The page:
It’s anyone’s guess as to when and how the whole stadium mess will work out. Eventually, the A’s will find a resolution, be it in Oakland or another locale, on their dime or the locals’. Until then, the front office has to continue to operate on this loop. Every few years, they have to trade today’s good players for a prospect package they hope can become tomorrow’s good players.

On paper, anyway, their return on Olson would seem to feature four potential big-league contributors. Can any of them develop into core pieces, the way Olson was for Oakland? The future is infinite, but from this vantage point, the odds are in favor of “no.”

We’ll begin with Pache, the only member of the foursome who has big-league experience. Pache boasts a tremendous defensive profile in center field thanks to his near-elite speed, his instincts, and his well-above-average arm. It’s not a stretch to write that he could win multiple Gold Glove Awards during his career. The snag with Pache, and bear in mind that he’s 23 years old, is that he might never hit enough to beat higher than eighth or ninth in the order.

Pache has the tools to be a better offensive player. He has the aforementioned speed to terrorize opposing defenses on the basepaths, and his raw power grades as above-average. Alas, he’s been caught stealing more times than he’s successfully swiped a bag since 2019, and his single-season career-high in home runs is 12. Pache swings and misses a lot for someone with modest in-game power aspirations, and he’s likely to run an ugly strike-out-to-walk ratio.

Pache’s defense grants him a wide berth and will make him a big-league player in some capacity or another for years to come. If he can leverage his athleticism and take advantage of his youth, he could develop into a quality two-way contributor. Otherwise, he’s going to make a lot of outs — on all sides of the ball.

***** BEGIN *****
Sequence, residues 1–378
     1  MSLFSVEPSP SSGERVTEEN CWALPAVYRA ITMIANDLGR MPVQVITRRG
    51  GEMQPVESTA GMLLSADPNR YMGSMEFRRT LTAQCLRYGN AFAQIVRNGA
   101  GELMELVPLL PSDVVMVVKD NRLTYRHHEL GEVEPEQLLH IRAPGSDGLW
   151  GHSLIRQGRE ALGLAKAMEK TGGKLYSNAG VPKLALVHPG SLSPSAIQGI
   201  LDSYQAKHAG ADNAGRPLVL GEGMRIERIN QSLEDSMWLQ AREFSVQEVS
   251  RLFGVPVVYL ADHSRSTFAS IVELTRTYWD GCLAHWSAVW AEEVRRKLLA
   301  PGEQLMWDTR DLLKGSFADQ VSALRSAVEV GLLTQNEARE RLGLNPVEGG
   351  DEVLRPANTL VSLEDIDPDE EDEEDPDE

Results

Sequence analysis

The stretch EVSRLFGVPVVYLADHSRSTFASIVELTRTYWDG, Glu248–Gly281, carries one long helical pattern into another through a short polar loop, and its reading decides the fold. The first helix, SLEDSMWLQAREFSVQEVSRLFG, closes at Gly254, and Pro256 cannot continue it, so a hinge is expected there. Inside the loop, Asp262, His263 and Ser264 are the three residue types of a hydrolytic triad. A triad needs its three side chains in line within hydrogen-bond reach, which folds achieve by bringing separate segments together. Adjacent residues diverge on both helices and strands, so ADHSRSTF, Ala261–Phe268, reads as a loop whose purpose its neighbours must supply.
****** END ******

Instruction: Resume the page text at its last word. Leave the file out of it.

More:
Langeliers, 24 years old, was the ninth pick of the 2019 draft based on his high floor. He’s a skilled defender who has an above-average arm as well as a feel for framing and blocking pitches in the dirt. As with Pache, it’s to be seen how much Langeliers will hit at the big-league level. He struck out in more than a quarter of his plate appearances last season between Double- and Triple-A, and he’s yet to record a batting average even as high as .260.

Langeliers does have legitimate power and he walks a decent amount, which buys him some leeway at the plate. He’s almost guaranteed to become at least a backup in the majors, and he has a fair chance to become more than that. The A’s are likely to start him in Triple-A, but he could be their catcher of the future, and that future may arrive alongside a Sean Murphy trade.

Cusick, 22, is a large right-hander who the Braves selected with the 24th pick last summer. He made six appearances in A-ball, posting a 2.76 ERA and an 8.50 strikeout-to-walk ratio. His fastball sits in the 95-plus range, and he has a wipeout slider that can touch 90 mph. Provided he continues to throw strikes, and that he makes some progress with his changeup, he could develop into at least a middle-of-the-rotation starter. Perhaps, even, as soon as summer 2023.

Estes, 20, was the 487th pick in the 2019 draft. He’s proven to be a find by Atlanta’s scouting department. He spent last season at Low-A, accumulating a 2.91 ERA and a 4.38 strikeout-to-walk ratio across 99 innings. Estes has a mid-90s fastball and a pair of secondary offerings that he delivers with unusual mechanics. His arm action is abrupt and he releases the ball from a low-three-quarters slot. Odd aesthetics aside, Estes pounded the zone as a professional. That command, plus his three-pitch mix, should give him a chance to start.